After you've read it, if you still have a problem, to put this into perspective ... let's take a proprietary platform, Windows. There is nothing to prevent me from creating a set of optimized headers that wrap around the windows api, leaving out unnecessary parameters, constants, and code definitions that will conflict with my userland application code, and defining new "convienence" methods, functions, classes and structures.

    If I then use the "cleaned up" headers to create an application, that application is no less my work because I used the "cleaned up" version as opposed to the original kernel source.

    Proprietary applications can use these "cleaned up" header files without falling afoul of the GPL, the same as if they had used the original headers. Otherwise, the "binary blob" device driver problem would clearly not exist.

    From the GPL v2:

    identifiable sections of that work are not derived from the Program, and can be reasonably considered independent and separate works in themselves, then this License, and its terms, do not apply to those sections when you distribute them as separate works.

    An application distributed separately, just like a driver distributed separately, is not "derived" from the kernel source.

    Thus, it is not the intent of this section to claim rights or contest your rights to work written entirely by you; rather, the intent is to exercise the right to control the distribution of derivative or collective works based on the Program.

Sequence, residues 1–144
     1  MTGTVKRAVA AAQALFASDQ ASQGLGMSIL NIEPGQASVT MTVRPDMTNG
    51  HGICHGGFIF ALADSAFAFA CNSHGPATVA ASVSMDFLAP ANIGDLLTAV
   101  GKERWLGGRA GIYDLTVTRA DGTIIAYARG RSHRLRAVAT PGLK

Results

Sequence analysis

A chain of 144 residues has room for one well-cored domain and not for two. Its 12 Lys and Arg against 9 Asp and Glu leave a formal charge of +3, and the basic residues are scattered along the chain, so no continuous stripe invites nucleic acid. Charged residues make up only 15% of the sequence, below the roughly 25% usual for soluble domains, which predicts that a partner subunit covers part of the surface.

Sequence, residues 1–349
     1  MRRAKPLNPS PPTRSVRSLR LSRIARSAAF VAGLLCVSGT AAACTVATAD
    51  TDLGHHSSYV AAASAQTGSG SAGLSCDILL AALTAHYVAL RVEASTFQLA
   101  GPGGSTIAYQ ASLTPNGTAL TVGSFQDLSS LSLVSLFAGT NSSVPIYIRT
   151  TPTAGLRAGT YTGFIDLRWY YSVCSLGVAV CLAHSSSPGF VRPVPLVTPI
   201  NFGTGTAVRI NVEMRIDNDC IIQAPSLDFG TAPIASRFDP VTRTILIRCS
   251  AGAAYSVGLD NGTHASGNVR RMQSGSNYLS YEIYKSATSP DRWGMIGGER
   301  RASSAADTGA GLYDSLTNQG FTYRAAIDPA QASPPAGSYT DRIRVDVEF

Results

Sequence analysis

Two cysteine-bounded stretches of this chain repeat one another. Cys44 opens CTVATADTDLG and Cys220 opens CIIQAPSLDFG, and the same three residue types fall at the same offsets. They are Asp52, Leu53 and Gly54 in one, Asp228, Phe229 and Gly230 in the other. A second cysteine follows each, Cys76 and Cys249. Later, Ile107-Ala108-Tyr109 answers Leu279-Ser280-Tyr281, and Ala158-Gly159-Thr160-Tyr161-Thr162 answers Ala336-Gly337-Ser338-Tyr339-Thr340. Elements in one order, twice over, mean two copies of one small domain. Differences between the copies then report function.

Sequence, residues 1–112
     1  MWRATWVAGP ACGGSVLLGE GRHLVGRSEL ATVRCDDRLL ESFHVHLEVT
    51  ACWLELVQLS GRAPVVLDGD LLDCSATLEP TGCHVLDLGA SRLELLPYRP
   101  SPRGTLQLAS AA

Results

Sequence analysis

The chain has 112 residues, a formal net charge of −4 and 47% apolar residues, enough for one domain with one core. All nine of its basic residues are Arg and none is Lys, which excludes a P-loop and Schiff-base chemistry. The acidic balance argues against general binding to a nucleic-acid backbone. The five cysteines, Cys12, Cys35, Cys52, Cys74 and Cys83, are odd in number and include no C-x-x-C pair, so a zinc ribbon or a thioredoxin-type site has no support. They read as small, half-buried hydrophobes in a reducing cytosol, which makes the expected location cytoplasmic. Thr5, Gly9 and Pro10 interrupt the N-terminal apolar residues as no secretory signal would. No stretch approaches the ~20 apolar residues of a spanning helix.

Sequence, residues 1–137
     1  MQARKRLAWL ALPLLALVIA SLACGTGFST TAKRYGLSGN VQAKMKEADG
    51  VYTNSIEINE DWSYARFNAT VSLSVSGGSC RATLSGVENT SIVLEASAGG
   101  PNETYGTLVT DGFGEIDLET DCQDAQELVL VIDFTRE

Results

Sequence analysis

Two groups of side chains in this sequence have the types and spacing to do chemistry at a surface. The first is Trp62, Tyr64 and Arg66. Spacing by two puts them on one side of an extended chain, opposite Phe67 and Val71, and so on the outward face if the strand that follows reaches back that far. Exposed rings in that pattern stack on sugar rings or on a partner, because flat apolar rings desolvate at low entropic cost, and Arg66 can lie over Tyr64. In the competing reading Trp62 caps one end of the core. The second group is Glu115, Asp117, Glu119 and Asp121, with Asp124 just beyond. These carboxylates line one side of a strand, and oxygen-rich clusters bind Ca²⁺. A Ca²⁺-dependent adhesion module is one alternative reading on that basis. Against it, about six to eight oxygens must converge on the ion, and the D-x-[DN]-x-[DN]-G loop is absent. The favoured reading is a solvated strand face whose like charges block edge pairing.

It's a tricky balance. The kernel is gpl, and the code is available, including the "cleaned up headers" code, as per the gpl.

    Just remember, an application that calls kernel functions is not "derived from" the kernel any more than an application that calls the windows api is "derived from" windows.

    I believe this is just more FUD on the part of certain parties ... ask yourself "cui bono", then follow the money to the usual suspects.

  • SCO In Reverse (Score:4, Insightful)

    by FrankDrebin ( 238464 ) on Thursday March 17, 2011 @03:54PM (#35521278) Homepage

    It's the 99% of lawyers that give the rest a bad name.

    Naughton's trying to do a reverse SCO here... Oh noes, they copied the defines from errno.h! Completely dumb and a waste of time. There are lots of C libraries out there with Linux linkage. Saying A means 1, B means 2, and C means 3 is as copyrightable as Pi=3.1415. And nobody cares how you arrive at a preferred expression of that stuff, say by doing a dramatic reading of the POSIX standard into voice recognition software. Nobody cares except perhaps a FLOSS ambulance chaser.

Logic is a pretty flower that smells bad.